And many more than McCain had in 2008, too.
8:07 AM, FEB 24, 2016 | By ETHAN EPSTEIN
Donald Trump has yet to win an outright majority in a primary or caucus – though he’s getting closer, pulling in 46 percent of the vote in Nevada. But he’s winning massive numbers of votes.
Mitt Romney won Nevada’s caucus in 2012 with about 50 percent of the vote. He did so by pulling in roughly 16,000 total votes – roughly the same number that second-place finisher Marco Rubio pulled in this year. Donald Trump, by contrast, more than doubled Romney’s total, garnering 34,500 votes.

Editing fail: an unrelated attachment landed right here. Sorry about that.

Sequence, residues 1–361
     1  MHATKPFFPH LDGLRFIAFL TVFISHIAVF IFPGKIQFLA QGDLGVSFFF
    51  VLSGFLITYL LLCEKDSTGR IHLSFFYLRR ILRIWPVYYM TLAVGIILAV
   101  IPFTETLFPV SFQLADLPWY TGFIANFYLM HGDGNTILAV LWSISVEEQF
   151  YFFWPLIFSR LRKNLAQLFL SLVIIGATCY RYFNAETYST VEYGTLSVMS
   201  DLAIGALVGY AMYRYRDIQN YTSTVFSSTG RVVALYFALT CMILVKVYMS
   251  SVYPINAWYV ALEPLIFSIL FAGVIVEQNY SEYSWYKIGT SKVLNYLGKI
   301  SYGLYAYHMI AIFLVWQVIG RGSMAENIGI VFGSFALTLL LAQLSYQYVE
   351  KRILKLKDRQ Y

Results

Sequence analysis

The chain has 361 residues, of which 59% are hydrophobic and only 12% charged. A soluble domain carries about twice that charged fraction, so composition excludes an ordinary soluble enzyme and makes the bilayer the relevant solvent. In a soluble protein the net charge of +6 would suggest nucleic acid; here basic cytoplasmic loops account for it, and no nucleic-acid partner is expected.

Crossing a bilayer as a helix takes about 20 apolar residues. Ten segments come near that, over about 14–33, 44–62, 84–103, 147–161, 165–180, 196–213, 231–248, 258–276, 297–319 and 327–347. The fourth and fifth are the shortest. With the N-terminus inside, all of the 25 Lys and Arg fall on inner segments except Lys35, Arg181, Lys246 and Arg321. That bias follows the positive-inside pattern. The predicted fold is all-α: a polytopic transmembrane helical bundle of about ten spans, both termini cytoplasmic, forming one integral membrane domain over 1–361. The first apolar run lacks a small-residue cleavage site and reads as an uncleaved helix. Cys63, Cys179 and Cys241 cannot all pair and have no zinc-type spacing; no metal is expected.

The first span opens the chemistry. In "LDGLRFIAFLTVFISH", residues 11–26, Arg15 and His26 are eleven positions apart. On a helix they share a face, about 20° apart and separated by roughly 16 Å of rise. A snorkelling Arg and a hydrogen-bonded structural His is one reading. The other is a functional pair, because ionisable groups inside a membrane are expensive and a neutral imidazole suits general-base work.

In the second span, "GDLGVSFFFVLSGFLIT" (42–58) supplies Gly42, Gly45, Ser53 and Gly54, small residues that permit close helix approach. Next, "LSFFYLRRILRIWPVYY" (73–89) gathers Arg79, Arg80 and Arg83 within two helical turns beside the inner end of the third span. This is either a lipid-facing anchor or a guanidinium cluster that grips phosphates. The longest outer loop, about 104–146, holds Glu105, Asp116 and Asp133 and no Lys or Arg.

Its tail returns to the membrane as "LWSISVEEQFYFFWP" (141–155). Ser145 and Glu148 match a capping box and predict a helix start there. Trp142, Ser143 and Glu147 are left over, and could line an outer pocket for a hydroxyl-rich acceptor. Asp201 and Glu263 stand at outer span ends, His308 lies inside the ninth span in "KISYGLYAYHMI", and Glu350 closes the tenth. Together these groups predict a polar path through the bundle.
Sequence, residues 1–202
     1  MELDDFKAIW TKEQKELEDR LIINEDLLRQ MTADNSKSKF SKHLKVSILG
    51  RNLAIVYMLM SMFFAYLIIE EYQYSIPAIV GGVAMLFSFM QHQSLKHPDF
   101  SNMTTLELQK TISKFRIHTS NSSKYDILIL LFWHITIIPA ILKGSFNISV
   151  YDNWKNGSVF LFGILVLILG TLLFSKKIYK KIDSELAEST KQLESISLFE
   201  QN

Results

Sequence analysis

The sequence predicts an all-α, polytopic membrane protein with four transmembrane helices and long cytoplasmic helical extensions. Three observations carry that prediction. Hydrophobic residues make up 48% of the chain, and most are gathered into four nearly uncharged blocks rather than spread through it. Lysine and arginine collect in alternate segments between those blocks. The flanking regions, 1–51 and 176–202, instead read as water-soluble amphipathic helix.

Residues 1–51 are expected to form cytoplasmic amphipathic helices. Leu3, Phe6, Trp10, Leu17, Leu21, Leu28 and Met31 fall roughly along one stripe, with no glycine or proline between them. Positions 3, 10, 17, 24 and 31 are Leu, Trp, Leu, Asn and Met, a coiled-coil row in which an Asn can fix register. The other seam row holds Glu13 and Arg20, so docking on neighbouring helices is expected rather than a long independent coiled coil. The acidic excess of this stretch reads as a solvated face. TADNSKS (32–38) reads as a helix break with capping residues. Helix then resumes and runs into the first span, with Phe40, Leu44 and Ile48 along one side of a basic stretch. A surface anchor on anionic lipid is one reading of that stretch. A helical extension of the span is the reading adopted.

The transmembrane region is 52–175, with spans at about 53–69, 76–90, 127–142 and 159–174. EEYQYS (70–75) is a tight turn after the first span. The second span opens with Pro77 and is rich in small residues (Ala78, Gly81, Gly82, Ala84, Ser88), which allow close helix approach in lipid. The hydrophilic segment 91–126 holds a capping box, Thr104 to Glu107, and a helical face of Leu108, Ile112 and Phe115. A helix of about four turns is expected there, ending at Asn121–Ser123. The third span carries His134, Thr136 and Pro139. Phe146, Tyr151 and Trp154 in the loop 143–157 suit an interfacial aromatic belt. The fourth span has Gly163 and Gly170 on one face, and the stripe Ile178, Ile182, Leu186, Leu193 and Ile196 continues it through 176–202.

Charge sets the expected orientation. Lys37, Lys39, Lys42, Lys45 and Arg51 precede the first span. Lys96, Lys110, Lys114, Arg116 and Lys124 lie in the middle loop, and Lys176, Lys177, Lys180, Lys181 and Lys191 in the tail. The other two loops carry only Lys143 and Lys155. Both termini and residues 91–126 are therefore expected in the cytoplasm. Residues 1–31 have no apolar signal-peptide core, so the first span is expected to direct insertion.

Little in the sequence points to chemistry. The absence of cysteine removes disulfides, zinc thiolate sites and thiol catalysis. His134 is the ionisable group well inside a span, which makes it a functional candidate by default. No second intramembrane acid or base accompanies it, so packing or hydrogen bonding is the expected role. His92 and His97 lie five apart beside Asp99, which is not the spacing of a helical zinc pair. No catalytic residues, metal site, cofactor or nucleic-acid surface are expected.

That pattern has played out across all of the early states, which are seeing huge Trump-inspired (and, at some level, anti-Trump-inspired) turnout.
All told, Trump has now won approximately 420,000 votes. After the first four states had voted in 2012, Mitt Romney had won about 311,000 votes. Back in 2008, meanwhile, eventual nominee John McCain had won a little more than 250,000 votes after Iowa, New Hampshire, South Carolina, and Nevada had voted.
Before the primaries got underway in earnest, many assumed that Trump would fare more poorly than his poll numbers indicated because so many of his supporters had rarely voted in the past. But with this election, the past has not been a reliable predictor of future events.
Is Donald Trump an Unstoppable Force?